Suddenly, there I was, participating in Israel’s reunification. Since my family was known as the Vatikay Yerushalayim (“the ancients of Jerusalem”), my commanding officer in Rafiach invited me to escort the troops into the Old City. I was there when Shlomo Goren, chief rabbi of the Israel Defense Forces, blew the shofar on the Temple Mount. All my ideas of Judaism were suddenly transformed. I was the new paradigm, not powerless like the Jews of the shtetl but a poet and a fighter. I threw my kippah from the roof of my hotel and wrapped myself in the blue and white flag of the new reunited Jewish Empire. This is the person who was about to meet Leonard Bernstein—again.

Bernstein had come to Israel to conduct Mahler’s Resurrection on the newly reconquered Mount Scopus, and his first order of duty was to visit the volunteers...most of whom were Scandinavian. He walked down the line directly toward me, then cupped his hand under my very recognizable square jaw and cleft chin and said, “I know a young man just like you, who is a waiter at Arthur—a famous discotheque in New York City

In perfect Hebrew, I answered him, “Adon Bernstein, ani hayeeti ha’meltzar shelchah” (“Mr. Bernstein, I was your waiter”). Bernstein, who spoke fluent Hebrew, kissed me on the lips—he was famous for kissing both men and women on the lips—and invited me to the concert.

On the downbeat of Resurrection, with the New City of Jerusalem behind me and the Old City, which some of my family had to leave in 1948, in front of me, my brain broke into a billion fragments, and I’ve been collecting them ever since.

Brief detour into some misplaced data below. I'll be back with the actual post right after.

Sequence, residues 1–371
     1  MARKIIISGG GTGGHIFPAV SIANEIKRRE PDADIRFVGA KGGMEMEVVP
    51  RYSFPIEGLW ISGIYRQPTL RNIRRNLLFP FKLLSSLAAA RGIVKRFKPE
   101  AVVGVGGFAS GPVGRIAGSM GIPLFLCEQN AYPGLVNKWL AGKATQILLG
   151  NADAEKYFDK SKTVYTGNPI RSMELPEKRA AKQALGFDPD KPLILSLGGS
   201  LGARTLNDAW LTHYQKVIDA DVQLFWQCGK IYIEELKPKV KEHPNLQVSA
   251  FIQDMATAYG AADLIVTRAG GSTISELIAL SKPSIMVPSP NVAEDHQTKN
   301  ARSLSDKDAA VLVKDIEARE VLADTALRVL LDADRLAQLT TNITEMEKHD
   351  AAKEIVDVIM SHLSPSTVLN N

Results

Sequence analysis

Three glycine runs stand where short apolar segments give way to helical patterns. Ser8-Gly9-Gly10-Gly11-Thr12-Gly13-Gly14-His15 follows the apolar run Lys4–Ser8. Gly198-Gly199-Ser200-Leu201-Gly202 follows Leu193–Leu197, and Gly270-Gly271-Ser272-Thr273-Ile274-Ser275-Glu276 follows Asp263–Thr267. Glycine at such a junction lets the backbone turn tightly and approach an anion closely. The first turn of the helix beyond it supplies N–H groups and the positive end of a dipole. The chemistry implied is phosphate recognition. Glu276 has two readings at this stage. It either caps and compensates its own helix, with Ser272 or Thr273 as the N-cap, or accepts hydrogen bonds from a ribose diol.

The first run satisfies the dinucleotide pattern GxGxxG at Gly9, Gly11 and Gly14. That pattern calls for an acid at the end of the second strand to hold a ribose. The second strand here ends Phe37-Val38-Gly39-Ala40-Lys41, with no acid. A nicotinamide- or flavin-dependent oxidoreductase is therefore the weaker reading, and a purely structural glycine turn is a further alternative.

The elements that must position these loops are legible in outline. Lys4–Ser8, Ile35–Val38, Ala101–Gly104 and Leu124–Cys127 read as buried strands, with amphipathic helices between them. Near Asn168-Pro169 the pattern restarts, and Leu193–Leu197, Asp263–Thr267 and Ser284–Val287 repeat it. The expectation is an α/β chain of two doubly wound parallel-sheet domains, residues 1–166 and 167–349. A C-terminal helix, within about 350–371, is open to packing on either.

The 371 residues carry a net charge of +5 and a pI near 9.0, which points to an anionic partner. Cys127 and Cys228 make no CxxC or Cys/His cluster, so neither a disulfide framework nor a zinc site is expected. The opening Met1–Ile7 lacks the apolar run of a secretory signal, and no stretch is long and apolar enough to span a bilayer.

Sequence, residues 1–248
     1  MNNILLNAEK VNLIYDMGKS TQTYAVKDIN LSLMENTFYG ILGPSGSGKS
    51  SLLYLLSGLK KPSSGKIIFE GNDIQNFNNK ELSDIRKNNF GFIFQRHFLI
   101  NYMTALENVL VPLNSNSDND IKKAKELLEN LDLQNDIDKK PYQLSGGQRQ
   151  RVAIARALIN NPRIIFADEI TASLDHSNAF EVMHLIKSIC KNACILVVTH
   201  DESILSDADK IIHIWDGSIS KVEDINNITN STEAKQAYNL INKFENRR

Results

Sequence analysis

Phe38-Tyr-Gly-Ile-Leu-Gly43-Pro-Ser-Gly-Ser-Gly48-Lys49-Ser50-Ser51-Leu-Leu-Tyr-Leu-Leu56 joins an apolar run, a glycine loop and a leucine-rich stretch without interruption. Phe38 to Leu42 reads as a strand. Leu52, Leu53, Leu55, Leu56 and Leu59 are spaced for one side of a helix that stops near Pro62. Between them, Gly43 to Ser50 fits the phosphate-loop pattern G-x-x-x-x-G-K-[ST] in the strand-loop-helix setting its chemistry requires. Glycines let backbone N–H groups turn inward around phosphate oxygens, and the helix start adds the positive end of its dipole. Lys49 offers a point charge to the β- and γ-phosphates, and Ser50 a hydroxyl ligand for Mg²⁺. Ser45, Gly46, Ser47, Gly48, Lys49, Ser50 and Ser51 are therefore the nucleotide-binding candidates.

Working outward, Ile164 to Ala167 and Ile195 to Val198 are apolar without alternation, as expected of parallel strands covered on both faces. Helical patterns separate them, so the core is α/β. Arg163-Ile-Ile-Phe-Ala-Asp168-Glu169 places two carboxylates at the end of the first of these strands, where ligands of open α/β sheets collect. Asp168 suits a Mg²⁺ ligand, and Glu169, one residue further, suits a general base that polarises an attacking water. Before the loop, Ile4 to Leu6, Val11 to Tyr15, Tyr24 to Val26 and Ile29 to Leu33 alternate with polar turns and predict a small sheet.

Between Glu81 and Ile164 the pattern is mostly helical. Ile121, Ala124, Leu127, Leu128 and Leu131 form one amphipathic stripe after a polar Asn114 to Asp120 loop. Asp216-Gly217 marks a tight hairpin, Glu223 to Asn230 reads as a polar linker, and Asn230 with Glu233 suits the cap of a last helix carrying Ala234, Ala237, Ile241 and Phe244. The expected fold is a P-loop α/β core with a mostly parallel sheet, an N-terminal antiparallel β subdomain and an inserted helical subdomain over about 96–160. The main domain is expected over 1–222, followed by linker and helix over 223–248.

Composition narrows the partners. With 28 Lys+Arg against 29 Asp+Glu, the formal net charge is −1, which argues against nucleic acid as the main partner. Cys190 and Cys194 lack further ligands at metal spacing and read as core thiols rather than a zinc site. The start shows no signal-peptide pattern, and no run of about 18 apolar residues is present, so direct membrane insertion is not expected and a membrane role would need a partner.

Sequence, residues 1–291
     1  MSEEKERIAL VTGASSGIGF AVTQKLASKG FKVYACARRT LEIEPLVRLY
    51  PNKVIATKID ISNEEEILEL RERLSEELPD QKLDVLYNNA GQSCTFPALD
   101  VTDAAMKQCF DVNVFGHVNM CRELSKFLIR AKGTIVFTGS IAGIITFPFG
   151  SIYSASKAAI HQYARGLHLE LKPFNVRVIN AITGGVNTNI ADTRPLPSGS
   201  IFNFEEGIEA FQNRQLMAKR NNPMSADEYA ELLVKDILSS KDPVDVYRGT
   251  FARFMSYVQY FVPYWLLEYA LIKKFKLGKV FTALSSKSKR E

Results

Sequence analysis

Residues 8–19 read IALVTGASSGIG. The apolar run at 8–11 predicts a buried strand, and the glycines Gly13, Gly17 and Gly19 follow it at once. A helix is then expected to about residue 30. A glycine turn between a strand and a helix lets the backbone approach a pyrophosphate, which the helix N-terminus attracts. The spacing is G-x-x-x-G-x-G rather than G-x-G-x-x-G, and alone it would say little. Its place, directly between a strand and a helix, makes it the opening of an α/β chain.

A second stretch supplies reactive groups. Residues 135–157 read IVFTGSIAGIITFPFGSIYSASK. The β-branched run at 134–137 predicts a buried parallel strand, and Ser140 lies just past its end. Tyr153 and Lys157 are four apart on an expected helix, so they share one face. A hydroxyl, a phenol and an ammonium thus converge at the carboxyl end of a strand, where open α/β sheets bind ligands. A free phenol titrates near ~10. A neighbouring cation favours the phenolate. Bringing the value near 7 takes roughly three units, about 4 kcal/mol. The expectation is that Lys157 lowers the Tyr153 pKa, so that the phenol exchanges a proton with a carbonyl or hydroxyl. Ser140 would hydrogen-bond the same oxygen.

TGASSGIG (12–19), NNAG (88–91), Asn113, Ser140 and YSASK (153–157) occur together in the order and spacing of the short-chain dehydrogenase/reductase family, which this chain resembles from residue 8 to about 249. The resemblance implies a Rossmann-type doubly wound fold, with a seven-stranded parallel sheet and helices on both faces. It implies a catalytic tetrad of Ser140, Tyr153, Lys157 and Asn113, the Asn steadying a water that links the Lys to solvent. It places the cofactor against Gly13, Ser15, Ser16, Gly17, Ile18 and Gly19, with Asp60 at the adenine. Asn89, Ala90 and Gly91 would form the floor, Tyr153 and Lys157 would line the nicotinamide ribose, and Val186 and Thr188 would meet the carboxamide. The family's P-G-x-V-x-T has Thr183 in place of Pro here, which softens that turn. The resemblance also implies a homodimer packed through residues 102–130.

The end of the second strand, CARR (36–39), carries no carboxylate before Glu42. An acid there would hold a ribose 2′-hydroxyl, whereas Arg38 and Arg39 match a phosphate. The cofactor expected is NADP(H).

After the concert, I was invited to be a gofer on a documentary Bernstein’s great pal Mike Mindlin and Irwin Yablans were making of him conducting the Israel Philharmonic Orchestra. Then one night, the maestro invited me to have dinner with him in his tent, and my life was forever changed.

I’ve never met, before or since, any person with such depth of knowledge in so many disciplines. He was dazzling. Lenny introduced me to a world of sophistication, erudition and culture, and I was more than eager to sit at his feet and soak it all up. What was truly amazing was his ageless, infectious enthusiasm for all that he taught. Although he was nearing 50, his energy was that of a 25-year-old.

It was a two-way fascination: Lenny was interested in my background and the fact that my parents were Israeli. I traced my descent from four Chassidic dynasties. Lenny’s own Chassidic roots both informed and shaped much of his composing. That I was a medical student with a hunger for knowledge, that we both loved Israel and spoke Hebrew and that we both loved old movies only piqued his curiosity about me.